Ever forget your wallet? I do. All the time. If I wasn’t in the security industry, an ability to pay for things with my cell phone (which is never too far from my grasp) would be attractive to me. But LifeLock’s recent move to pull their Mobile Wallet application from the app store and delete customer data simply reinforces my skepticism on the subject of mobile payments.
LifeLock purchased the mobile wallet application which leverages near field communication (NFC) for making payments to commercial establishments in the real world through its acquisition of Lemon Mobile late last year. There has long been concern over the security of NFC with an anxiety around the possible interception of payment data during the transmission process. However, the move to pull down the Mobile Wallet was due to concerns with vulnerabilities within that product that do not conform to the Payment Card Industry standards for security.
Unfortunately, understanding what vulnerabilities you are buying along with your software is just as important as understanding the innovative capabilities of that technology. LifeLock or any company acquiring software must review the security of the software being purchased in order to ensure that the product is aligned with the enterprise’s security policy. This goes not just for M&A activity, but also for software that is being purchased commercially for use within an organization. Adding in this requirement for software security within the contract or legal agreements with the software supplier or acquisition target is an obvious way to ensure that security (or lack-there-of) isn’t an after-thought or (like in LifeLock’s case) an embarrassing and costly surprise.
A mobile application that contains customers’ financial information is easily accessible and has a significant impact if that application is compromised. Therefore the application should have been classified as critical and proper security controls put into place to ensure that the application was appropriately secure --before it was offered to customers. This risk-based approach to security does not classify success as checking a box for a compliance regulation, but considers success to be an understanding of exactly what risk the enterprise is taking on. Software security is not the only aspect to enterprise risk, but the software layer is one of the most exposed and available for most enterprises.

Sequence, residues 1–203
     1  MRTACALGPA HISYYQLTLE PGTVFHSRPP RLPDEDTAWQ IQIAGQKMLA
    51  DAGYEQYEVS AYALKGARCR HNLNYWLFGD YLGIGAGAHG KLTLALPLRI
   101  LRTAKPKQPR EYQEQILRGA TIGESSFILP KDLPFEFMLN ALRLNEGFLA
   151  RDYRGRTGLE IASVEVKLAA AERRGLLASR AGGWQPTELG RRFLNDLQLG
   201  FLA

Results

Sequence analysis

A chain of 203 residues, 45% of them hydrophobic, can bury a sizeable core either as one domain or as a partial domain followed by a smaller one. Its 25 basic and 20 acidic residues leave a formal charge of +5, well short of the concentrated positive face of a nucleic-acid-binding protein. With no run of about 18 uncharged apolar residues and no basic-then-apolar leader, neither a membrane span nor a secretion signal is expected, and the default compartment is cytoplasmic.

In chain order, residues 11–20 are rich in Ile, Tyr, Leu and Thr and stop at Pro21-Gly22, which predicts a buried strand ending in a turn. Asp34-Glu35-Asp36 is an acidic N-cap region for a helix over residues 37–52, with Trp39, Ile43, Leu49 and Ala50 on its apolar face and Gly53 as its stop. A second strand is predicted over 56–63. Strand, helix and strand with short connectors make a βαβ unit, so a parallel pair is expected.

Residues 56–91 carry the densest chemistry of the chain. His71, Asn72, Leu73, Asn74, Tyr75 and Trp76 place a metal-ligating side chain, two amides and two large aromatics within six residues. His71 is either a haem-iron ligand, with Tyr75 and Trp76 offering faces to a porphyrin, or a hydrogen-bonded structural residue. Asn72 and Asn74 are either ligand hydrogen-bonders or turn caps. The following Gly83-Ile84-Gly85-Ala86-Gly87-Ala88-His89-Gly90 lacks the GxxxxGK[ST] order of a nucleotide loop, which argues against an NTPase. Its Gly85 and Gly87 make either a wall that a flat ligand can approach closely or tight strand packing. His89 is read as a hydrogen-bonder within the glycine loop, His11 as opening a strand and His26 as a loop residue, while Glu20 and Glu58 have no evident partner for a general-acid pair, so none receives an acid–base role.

By truly understanding risk, rather than focusing on regulatory requirement will help enterprises comply with regulations. Also, it will spur enterprises to create plans that will ensure the continued security of customer data – without having to pull applications or products from the shelves.
LifeLock proactively removing the offending mobile app from the market place despite having a significant impact to the LOCK stock price, is ultimately an indication that the market is maturing. Rather than quietly working on a patch while customers continued to use the vulnerable application, LifeLock did the right thing: they pulled the app out of production in order to ensure security of their customers’ data. Even though this action may be related to the company’s 2010 dust up with the FTC and significant concern over their brand reputation, they are clearly taking the security of their customers’ data seriously. If only they had done their due diligence to begin with, the consequences of being security minded would not have been so steep.